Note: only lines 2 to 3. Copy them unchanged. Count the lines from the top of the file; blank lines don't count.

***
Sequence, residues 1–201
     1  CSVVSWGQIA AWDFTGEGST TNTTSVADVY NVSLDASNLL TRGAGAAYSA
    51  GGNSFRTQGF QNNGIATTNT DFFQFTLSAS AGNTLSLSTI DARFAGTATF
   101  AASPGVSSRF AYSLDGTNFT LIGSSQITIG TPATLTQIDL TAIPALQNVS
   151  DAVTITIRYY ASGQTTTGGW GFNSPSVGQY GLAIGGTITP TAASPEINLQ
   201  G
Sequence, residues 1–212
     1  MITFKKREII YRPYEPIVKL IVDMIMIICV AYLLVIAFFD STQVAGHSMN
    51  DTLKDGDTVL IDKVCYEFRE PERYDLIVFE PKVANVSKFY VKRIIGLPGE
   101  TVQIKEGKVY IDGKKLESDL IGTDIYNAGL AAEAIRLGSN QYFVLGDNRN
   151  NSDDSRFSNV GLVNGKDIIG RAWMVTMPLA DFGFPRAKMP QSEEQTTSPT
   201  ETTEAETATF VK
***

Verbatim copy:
     1  CSVVSWGQIA AWDFTGEGST TNTTSVADVY NVSLDASNLL TRGAGAAYSA
    51  GGNSFRTQGF QNNGIATTNT DFFQFTLSAS AGNTLSLSTI DARFAGTATF